Average CMU student debt is $24,236

The average student loan debt acquired by someone who graduated from Central Michigan University in 2008-09 is $24,236, according to the Office of Institutional Research.

Of the students who graduated with a bachelor’s degree between July 1, 2007 and June 30, 2007, 70 percent borrowed money.

The average student debt has continued to rise since 2005 with a difference of more than $7,000.

Diane Fleming, associate director of Scholarships and Financial Aid, said student debt is rising for a few reasons.

Average student debt at CMU:
• 2008-09: $24,236
• 2007-08: $22,128
• 2006-07: $17,365
• 2005-06: $16,537

“The amount of loans that we disperse steadily increases from year to year, and students are finding it a necessity to take out loans in order to pay for the cost of attendance,” she said.

For the 2007-08 school year, the average CMU student’s debt was $22,128. In the 2005-06 school year, the number was $16,537.

National concern

Nationwide, the number of students who default on their loans also is increasing.

The U.S. Secretary of Education Arne Duncan said the 2007 fiscal year national student loan cohort default rate increased to 6.7 percent, up from the 2006 rate of 5.2 percent, according to a press release from the U.S. Department of Education.

Fleming said rising costs of attendance are partially to blame for increasing debt, but also credited the problem to the lifestyle of American families.

“American families have gotten out of the habit of saving for college, so the only remaining aid available to them is loans,” Fleming said. “People are living off of credit cards — people are living beyond their means.”

Christopher Bailey, assistant professor of economics, said American families stopped saving in the 1990s because they saw their net wealth increasing and felt like they did not need to save.

Little support

Mark Kantrowitz, publisher of and, said he does not believe families have stopped saving for college and said the blame for rising debt lies elsewhere.

“The primary drivers of increases in debt are an increase in college costs and lackluster federal and state support of higher education,” he said.

According to data from the OIR, 7,228 of the 9,324 undergraduate students determined to need need-based aid during the 2008-2009 school year received need-based scholarships or grants.

From 2007 to 2009, the amount of money CMU gave out in need-based scholarships increased by $1,770,853 — to $9,224,227 from $7,453,374.

“Colleges are increasing their student aid budgets,” Kantrowitz said. “Half of all colleges this year increased their student aid.”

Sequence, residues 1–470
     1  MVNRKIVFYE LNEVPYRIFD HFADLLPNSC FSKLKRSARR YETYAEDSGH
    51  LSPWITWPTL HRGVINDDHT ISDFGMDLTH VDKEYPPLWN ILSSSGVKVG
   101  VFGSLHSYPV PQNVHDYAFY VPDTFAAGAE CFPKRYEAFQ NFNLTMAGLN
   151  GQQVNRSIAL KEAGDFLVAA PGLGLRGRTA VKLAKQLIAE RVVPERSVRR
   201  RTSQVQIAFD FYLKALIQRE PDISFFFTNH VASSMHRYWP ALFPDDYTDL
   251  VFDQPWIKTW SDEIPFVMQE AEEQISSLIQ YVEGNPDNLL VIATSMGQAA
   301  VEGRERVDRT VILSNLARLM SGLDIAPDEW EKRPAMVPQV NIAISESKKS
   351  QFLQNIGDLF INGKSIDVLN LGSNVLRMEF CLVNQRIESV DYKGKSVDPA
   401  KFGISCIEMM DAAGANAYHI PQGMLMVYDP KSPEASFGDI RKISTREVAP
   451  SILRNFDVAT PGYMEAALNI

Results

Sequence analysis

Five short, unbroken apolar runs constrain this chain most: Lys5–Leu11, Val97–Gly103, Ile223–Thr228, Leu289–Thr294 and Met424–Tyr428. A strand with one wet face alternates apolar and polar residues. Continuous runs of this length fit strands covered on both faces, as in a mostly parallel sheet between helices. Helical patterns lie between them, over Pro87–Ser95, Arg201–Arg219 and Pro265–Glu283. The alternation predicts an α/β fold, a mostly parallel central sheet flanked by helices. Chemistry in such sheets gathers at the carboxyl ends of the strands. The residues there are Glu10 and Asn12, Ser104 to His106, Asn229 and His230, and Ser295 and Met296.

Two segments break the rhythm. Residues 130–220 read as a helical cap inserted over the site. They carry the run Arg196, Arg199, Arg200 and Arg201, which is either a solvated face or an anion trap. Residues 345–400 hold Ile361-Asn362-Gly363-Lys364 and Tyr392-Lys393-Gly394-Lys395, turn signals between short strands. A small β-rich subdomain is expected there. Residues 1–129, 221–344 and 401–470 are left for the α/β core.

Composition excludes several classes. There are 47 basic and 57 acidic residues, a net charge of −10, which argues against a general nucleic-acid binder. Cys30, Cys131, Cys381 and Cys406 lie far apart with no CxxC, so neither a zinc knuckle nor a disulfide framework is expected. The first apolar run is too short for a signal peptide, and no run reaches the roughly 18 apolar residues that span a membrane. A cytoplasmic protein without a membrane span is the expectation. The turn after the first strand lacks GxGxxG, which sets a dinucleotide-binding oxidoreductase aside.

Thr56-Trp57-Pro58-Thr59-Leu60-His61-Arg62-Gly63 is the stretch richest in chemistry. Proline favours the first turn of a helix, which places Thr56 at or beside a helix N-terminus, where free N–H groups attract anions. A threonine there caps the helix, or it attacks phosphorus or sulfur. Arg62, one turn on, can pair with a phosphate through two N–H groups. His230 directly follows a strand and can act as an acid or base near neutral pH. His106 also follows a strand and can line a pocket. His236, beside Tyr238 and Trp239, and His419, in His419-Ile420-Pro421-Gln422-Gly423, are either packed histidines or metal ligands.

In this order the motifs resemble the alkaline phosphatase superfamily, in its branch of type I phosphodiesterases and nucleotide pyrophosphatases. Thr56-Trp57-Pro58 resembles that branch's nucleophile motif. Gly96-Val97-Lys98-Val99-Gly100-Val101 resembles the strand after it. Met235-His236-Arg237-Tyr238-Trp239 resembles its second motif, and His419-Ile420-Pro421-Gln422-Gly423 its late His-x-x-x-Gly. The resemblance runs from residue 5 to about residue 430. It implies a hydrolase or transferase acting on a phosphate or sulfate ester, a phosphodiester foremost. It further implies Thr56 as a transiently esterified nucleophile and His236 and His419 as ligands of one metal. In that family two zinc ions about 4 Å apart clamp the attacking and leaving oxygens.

According to the Growth in Cumulative Education Debt, a national report by Kantrowitz, graduating without debt is impossible for students seeking degrees in the fields of medicine, business or law who apply for federal student aid.

Kantrowitz said students should use their careers’ starting salary to gauge how much money they borrow so they can quickly pay off their debts.

“The key rule of thumb is not to borrow more than your starting salary,” Kantrowitz said. “If you borrow more than your starting salary, you’re at high risk of defaulting.”


  1. The statement “American families have gotten out of the habit of saving for college” is a bit of a misnomer. Decades ago, college was affordable and didn’t require much prior saving.

    The few who have looked at university budgets with an objective eye have found them to be very bloated with unnecessary expenditures that only increase the cost of tuition.

    While increasing student aid is helpful, why aren’t colleges looking to trim costs? It’s about time families stood up to the careless spending on campus that’s causing their school debt to skyrocket.

  2. Brian McLean says:

    Working off Shawn’s comments: It’s perfectly possible that families saved adequate money, GIVEN their expected college expenditures. But tuition escalated at a rate few families saw coming, so college savings were insufficient to cover actual college expenditures. This doesn’t mean families switched over, somewhere down the line, to being generally irresponsible gluttons; it means that their prudential estimations failed to match actual expenses. (And through no fault of their own: tuition hikes have been absurd during the last few years, including and especially at CMU.) You can’t accuse a family of not saving for a rainy day when the rainy day happens to be a monsoon day.

    Another cause for recent student debt, including mine, has to do with stock performances. Much of my family’s savings were tied up in the stock market, and with the economic collapse last year, my savings took a substantial hit – at least a thousand dollars or so. This obviously contributed to my total debt.

    The moral of the story should be that tuition is unreasonably expensive. The average debt load is too large a financial burden on the average graduate. So universities should work on trimming their budgets, and states (and the federal government) should work on better funding fiscally responsible universities, where ‘better funding’ includes financial incentives for universities to lower tuition.

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